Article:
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2011 Ducati 848 EVO Superbike First Ride

Wednesday, November 17, 2010

The road holding capabilities of Pirellis Diablo Supercorsa SP rubber is absolutely amazing. This is what full-on DOT race tires felt like just a few years ago.
The road holding capabilities of Pirelli’s Diablo Supercorsa SP rubber is absolutely amazing. This is what full-on DOT race tires felt like just a few years ago.
Fresh for 2011, Italy’s legendary motorcycling brand, Ducati, has released a new middleweight sportbike dubbed the 848 EVO Superbike. This new motorcycle replaces the standard 848 and offers increased braking, acceleration and handling performance for less dough than before with its price now starting at $12,995, a full grand less than its predecessor.
The 848 EVO can be classified as Ducati’s entry-level Superbike. It utilizes the same frame, suspension and nearly identical braking components as the premium World Superbike pedigree 1198. The primary difference is the powertrain with its use of a smaller 849cc liquid-cooled L-Twin engine and conventional wet (bathed in oil) clutch. This places it in a unique category in the sportbike world offering a machine with a bit more power than what the middleweight 600cc Supersport class can offer.
Engineers began with the base 848 as we’ve tested extensively in the 2008 Ducati 848 Comparison and 2009 Ducati 848 Comparison. They then focused on the engine and upgraded it with new hard parts. They began by reworking each cylinder head and modifying the intake ports for better flow. New camshafts provide 13% higher lift on all four of the intake valves and 8% more lift on the four exhaust valves. New pistons were also fitted that boost compression ratio from 12:1 to 13.2:1. The throttle bodies grew 4mm in diameter to 60mm. Other hot rodding tricks include a 500 rpm increase in maximum engine revs with the limiter now coming in at 11,300 rpm. More power means more heat so the plastic timing belt covers now have ventilation slits in them. Together, Ducati claims these changes allow the 848 to pump out six more peak horses than before.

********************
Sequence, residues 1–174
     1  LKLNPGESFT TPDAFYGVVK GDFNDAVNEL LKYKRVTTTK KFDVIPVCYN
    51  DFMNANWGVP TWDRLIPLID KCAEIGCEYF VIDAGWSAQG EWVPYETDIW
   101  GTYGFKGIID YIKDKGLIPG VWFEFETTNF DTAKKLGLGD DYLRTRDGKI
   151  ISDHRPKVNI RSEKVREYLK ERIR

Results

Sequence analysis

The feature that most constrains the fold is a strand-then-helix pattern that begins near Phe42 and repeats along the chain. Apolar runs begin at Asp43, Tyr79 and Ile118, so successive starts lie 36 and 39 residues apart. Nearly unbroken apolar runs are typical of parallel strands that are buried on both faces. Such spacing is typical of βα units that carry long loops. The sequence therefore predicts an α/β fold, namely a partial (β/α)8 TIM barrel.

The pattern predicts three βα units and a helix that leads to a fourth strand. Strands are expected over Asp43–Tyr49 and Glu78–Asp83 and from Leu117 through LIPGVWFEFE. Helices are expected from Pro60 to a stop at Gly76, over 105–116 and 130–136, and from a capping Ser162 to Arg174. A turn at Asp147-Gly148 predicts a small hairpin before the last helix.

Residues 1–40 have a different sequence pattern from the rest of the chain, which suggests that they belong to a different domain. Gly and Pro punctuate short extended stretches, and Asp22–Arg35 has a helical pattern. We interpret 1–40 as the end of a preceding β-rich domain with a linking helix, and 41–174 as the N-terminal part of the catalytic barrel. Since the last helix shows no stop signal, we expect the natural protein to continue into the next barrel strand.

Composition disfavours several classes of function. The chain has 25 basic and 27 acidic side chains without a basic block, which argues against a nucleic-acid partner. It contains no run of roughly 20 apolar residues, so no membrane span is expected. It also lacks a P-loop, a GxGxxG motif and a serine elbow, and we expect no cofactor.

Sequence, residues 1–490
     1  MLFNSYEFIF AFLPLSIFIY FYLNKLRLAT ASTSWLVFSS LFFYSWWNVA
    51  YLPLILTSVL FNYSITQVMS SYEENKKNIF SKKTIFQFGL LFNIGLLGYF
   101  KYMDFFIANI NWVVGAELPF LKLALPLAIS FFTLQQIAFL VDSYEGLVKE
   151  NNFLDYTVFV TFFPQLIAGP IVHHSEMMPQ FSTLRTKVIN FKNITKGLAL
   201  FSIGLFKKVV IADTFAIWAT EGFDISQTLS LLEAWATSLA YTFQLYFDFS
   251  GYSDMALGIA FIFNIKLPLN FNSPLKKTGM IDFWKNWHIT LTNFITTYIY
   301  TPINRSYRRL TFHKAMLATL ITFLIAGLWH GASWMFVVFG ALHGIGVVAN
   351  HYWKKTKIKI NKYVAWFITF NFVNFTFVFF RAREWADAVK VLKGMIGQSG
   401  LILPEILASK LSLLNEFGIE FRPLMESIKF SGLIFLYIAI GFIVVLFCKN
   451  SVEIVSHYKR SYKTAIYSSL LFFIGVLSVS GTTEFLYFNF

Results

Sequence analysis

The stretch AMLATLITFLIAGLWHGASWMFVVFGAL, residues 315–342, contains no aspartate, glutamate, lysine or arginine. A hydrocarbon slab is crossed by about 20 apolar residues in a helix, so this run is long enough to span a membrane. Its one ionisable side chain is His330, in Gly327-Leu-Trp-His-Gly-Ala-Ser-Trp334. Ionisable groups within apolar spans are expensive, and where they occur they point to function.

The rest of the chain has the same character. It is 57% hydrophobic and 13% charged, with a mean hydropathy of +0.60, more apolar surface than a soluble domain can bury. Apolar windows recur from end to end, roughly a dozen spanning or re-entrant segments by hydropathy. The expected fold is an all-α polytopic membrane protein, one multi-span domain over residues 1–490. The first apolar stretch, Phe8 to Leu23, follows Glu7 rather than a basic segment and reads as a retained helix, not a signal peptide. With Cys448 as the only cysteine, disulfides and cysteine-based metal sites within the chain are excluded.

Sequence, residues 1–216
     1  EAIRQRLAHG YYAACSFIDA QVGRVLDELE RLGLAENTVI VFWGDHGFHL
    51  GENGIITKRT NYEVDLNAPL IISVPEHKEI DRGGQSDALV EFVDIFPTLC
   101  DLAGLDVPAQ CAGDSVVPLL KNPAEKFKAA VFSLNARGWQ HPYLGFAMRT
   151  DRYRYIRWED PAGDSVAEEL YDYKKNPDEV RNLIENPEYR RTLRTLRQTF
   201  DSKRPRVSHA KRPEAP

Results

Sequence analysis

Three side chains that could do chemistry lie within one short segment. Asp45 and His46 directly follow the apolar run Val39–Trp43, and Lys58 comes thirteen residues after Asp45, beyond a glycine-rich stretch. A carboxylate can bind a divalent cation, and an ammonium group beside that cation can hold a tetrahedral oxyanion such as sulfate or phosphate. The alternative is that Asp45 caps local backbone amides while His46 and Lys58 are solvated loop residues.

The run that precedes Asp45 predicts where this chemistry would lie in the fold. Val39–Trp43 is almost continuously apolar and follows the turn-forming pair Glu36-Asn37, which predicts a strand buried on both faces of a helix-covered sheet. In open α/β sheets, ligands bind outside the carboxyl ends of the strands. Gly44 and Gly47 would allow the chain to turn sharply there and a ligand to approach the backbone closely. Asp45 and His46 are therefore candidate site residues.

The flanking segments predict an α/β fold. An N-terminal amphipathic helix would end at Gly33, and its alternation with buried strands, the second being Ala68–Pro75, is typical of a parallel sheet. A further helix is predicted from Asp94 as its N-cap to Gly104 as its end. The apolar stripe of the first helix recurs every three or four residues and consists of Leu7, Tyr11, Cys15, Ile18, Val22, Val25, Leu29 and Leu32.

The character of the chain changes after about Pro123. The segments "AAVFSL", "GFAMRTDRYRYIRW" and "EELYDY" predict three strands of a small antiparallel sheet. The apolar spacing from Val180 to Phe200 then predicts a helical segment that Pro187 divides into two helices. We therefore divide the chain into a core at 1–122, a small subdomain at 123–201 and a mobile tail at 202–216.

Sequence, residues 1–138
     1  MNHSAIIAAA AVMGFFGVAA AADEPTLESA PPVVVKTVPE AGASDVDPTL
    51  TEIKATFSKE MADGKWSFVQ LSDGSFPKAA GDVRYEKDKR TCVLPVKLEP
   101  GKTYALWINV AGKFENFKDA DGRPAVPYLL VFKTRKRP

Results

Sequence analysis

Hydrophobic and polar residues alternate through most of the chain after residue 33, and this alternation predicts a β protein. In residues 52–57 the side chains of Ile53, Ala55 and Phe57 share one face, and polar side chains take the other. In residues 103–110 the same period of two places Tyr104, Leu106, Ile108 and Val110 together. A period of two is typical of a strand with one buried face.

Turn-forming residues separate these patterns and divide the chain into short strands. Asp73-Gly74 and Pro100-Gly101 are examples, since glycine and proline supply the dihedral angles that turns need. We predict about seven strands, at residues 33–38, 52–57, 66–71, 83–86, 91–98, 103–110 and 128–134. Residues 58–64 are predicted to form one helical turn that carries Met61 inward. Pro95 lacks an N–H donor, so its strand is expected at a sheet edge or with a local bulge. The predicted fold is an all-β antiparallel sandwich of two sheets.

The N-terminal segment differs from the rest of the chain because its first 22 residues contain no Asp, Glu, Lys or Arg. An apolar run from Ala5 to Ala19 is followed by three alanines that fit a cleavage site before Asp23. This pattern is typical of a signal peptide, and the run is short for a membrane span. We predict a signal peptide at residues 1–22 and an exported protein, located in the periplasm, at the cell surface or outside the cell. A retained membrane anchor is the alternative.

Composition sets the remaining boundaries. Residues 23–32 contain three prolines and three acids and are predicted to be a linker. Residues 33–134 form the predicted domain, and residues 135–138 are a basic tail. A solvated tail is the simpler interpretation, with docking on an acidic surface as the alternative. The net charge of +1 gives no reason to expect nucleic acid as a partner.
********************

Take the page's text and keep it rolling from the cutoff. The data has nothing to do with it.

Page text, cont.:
The 848 EVO Superbike receives the same monobloc Brembos as used on the 1198 and Desmosedici D16RR.The Arctic White Silk colorway gets lipstick red panted frame and wheels.Just like the rest of the Ducati Superbike line-up the 848 gets a single-sided swingarm with an narrower 5.5-inch wide rear aluminum rim  6.0 in. on the 1198 .
(Left) The 848 EVO Superbike receives the same monobloc Brembos as used on the 1198 and Desmosedici D16RR. (Center) The Arctic White Silk colorway gets lipstick red painted frame and wheels. (Right) Just like the rest of the Ducati Superbike line-up the 848 gets a single-sided swingarm with a narrower 5.5-inch wide rear aluminum rim (6.0 in. on the 1198).

The potential for higher trap speeds necessitates stronger braking performance so engineers ditched the two-piece cast Brembo calipers for the one-piece monobloc design as used on the 1198. We were never fans of the two-piece calipers so for us this upgrade is huge. The calipers still bite down on twin 320mm diameter rotors with a radial-mount master cylinder and steel brake lines augmenting the set-up fore and aft. The rear brake is unchanged and there is no ABS option. Ducati claims that the 848 now delivers 20% more stopping force based on the same amount of lever pressure.
Other chassis changes include the fitment of a non-adjustable steering damper that is horizontally- mounted between the fuel tank and the top triple clamp as well as an upgrade to Pirelli’s fabulous Diablo Supercorsa SP road tire. These tires are one of our favorites on both the street and track and you can learn more about them in the Pirelli Diablo Supercorsa SP Tire Comparison Review.